Reproductive Biology of the Deep-Water Gorgonian Coral Acanella arbuscula from the Northwest Atlantic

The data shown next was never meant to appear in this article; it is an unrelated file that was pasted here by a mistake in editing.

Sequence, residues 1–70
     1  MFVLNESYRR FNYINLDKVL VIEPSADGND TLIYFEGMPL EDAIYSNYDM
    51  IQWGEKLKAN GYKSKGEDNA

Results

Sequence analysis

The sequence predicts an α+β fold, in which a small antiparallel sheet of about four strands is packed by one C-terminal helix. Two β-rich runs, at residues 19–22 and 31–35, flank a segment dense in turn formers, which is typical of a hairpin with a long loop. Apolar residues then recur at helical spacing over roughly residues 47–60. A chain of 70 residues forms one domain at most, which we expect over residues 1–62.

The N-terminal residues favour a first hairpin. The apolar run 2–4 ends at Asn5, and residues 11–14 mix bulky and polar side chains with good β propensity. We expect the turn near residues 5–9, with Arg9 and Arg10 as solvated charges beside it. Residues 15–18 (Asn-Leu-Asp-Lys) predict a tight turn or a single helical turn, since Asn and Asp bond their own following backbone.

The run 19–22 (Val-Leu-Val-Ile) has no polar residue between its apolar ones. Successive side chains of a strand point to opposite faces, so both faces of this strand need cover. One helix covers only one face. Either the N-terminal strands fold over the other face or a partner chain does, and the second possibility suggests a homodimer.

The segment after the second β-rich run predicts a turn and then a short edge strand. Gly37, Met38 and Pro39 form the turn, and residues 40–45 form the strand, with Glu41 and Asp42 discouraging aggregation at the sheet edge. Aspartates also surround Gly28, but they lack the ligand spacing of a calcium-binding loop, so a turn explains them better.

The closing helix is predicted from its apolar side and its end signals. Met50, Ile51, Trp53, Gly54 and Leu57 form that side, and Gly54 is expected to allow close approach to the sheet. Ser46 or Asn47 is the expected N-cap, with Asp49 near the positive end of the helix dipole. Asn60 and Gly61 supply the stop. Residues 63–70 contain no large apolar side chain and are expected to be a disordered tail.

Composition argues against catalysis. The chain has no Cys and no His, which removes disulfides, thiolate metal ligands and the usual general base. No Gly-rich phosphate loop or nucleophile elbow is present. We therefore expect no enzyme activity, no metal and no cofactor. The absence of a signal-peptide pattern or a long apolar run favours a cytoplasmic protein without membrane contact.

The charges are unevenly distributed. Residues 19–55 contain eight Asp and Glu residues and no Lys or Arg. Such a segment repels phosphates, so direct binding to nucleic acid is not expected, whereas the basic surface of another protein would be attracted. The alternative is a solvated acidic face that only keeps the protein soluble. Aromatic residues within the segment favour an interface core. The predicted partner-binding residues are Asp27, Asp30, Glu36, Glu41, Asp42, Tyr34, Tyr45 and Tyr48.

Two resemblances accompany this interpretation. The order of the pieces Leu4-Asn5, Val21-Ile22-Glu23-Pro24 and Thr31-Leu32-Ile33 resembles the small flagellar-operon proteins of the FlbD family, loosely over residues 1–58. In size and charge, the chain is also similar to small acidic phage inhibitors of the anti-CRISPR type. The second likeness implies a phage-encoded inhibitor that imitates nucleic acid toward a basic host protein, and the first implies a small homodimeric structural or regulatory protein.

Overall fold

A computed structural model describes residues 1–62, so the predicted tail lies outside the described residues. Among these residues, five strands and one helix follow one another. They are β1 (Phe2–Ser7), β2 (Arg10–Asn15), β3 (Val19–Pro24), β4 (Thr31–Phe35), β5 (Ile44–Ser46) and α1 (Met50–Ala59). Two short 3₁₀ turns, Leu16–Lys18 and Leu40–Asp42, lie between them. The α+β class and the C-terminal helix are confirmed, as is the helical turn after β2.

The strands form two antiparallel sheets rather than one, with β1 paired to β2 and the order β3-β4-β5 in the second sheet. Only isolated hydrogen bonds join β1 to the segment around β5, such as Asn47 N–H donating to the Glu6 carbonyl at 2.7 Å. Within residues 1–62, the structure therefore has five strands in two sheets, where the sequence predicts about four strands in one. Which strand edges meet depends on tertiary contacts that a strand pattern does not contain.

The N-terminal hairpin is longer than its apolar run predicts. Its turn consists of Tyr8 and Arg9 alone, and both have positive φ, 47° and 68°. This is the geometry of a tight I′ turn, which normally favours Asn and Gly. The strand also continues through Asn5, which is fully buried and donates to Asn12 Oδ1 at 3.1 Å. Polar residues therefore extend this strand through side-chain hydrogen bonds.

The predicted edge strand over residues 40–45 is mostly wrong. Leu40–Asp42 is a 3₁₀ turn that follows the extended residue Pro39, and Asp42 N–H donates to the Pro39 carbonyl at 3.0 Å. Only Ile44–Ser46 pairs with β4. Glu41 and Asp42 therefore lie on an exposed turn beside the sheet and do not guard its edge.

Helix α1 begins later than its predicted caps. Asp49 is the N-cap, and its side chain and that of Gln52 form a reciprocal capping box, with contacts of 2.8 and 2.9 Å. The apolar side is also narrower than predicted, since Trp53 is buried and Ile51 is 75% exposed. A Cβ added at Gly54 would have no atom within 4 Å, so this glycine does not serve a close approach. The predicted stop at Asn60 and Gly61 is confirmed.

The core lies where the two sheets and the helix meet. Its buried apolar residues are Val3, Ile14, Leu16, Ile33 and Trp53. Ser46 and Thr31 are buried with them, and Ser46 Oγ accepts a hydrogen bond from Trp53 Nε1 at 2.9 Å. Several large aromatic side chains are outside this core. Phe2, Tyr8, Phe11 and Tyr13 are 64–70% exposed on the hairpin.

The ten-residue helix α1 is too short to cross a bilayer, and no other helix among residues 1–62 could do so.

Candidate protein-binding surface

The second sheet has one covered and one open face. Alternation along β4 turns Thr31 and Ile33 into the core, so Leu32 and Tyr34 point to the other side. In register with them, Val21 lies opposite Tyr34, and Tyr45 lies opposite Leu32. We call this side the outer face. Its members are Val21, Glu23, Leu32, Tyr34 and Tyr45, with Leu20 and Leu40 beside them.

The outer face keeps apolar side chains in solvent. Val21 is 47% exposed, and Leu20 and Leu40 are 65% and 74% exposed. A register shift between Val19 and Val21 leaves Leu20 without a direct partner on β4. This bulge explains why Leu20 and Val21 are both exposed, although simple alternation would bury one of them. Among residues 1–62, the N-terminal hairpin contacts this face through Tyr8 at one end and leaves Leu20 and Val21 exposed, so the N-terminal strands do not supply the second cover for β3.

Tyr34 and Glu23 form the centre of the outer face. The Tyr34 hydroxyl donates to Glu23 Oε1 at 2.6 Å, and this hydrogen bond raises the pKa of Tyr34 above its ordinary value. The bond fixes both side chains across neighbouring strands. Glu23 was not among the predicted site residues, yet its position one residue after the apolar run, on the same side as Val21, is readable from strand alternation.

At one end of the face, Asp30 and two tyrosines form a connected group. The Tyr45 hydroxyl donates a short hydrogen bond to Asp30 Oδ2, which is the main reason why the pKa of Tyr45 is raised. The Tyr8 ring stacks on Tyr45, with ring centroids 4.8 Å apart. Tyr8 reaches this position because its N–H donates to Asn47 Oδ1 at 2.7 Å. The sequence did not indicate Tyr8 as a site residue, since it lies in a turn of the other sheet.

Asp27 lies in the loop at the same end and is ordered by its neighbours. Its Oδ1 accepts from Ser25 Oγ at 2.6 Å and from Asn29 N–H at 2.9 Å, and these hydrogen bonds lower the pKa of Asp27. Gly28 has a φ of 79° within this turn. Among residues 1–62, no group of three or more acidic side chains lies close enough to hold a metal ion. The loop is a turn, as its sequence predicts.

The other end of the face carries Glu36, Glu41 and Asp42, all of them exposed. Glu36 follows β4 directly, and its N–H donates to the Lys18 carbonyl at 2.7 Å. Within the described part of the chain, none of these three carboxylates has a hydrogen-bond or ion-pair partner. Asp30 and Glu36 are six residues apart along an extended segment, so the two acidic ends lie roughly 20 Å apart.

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This thesis examined the reproductive biology of the poorly-known deep-water gorgonian Acanella arbuscula from the Northwest Atlantic. Colonies were collected from The Gully in 2007 and 2010 between 914 and 1860 m depth, and the Flemish Cap in 2009 between 671 and 1264 m. Mean polyp fecundity was relatively high for both females and males, and the large oocyte size suggests that A. arbuscula produces lecithotrophic larvae. This species may have overlapping periodic or seasonal cycles of gametogenesis, and the absence of planulae suggests that A. arbuscula is a broadcast spawner. No spatial variation in the reproductive characteristics of this species was found, suggesting that environmental conditions are similar between the two sites. Female polyp fecundity decreased with increasing depth, which may be due to the high cost of producing oocytes versus sperm. The relatively high mean polyp fecundity, probable lecithotrophic larval development, and broadcast spawning may allow for the wide dispersal and settlement of A. arbuscula across the North Atlantic.